In an excellent article entitled "Filling the Gaps, Canadian Voluntary Nurses, the 1917 Halifax Explosion, and the Influenza Epidemic of 1918," scholar Linda Quiney says that there were approximately 2000 Canadian VADs who served in during the Great War, of which 500 served overseas. (There were 23,000 British VADs.) "VAD" stands for Voluntary Aid Detachment--these were groups of voluntary nurses (usually with very limited training) who worked for the Red Cross during the Great War. These nurses came to be known individually as "VADs."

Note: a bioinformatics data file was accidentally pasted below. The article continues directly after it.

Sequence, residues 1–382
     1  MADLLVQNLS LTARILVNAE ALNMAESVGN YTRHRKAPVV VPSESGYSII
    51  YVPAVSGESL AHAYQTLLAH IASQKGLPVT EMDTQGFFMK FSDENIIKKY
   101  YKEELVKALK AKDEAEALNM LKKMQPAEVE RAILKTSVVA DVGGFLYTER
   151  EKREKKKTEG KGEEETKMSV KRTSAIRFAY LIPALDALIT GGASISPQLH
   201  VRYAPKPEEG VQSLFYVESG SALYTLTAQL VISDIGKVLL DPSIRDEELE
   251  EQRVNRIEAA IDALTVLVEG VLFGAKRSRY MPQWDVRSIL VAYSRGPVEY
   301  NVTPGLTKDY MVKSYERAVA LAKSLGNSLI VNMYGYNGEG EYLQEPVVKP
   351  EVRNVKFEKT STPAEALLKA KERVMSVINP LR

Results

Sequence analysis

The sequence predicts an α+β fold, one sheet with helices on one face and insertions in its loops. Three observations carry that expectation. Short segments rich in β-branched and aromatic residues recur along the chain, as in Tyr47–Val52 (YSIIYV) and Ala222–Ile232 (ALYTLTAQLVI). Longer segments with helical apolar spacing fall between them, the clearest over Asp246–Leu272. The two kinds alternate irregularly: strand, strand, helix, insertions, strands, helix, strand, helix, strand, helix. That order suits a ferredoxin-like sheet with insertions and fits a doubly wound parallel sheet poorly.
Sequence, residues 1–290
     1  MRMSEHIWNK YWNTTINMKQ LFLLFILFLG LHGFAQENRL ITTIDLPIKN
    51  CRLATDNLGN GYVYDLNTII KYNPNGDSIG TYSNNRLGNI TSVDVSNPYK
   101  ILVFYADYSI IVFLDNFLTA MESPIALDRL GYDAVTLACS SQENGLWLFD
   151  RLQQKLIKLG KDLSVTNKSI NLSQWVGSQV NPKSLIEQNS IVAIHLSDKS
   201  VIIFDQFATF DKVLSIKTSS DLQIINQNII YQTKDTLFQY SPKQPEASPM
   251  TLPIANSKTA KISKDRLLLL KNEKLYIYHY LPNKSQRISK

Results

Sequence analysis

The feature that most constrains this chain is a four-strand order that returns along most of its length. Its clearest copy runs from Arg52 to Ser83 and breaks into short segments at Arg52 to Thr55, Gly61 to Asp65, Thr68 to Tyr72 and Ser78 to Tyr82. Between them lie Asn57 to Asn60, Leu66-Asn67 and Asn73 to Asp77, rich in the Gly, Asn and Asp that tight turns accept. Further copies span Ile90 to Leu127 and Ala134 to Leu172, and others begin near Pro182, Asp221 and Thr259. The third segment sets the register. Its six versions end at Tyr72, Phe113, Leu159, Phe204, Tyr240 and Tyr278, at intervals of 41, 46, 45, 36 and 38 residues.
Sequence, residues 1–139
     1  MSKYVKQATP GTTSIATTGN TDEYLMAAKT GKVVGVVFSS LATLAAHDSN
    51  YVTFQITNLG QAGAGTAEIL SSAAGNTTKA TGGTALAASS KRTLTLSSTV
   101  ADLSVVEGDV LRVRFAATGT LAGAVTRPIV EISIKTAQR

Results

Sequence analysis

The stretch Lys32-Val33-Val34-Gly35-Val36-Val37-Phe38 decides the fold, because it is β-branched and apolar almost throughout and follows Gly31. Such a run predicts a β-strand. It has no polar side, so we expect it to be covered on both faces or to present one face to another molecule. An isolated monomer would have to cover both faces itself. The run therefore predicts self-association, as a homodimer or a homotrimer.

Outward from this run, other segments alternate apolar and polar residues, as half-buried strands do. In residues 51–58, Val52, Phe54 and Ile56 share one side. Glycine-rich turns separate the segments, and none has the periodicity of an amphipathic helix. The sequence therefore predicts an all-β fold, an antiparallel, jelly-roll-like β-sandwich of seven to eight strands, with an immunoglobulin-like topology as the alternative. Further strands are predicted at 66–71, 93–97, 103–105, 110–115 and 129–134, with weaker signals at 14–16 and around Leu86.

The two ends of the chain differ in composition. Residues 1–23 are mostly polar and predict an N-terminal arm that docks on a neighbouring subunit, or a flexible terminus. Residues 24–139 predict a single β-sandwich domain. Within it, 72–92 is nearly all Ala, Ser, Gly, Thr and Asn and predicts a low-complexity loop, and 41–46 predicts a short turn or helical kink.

In her article, Quiney describes several Canadian VADs who died during and just after the Great War. One of the Canadian VADs who gave her life was Dorothy Pearson Twist. Dorothy died September 26, 1918 in Aldershot, England. According to the British 1911 census, she was born in Prescott, Lancashire. Her father Pearson Gill Twist was a “woolen manufacturer’s agent”. At sixteen in 1911, Dorothy was working as a “pupil school teacher.” Her father was 52, her mother 42. She had an older brother Geoffrey (23), older sister named Phyllis (21), younger brother Hugh (11) and a younger sister Cicely (9). They were living in Prescott, Lancashire at 15 Station Road. Dorothy was born in that same place. The family immigrated to Canada in 1913 to Shawnigan Lake, BC, where Dorothy's father worked as a realty clerk. Sometime during the Great War, Dorothy signed up as a Canadian VAD and was sent overseas. Little is known about the circumstances of her death, except that she died at Aldershot, the location of a Canadian military base during the war. I have written to the British Red Cross to learn more about Dorothy; when I receive more information, I will post it on this site.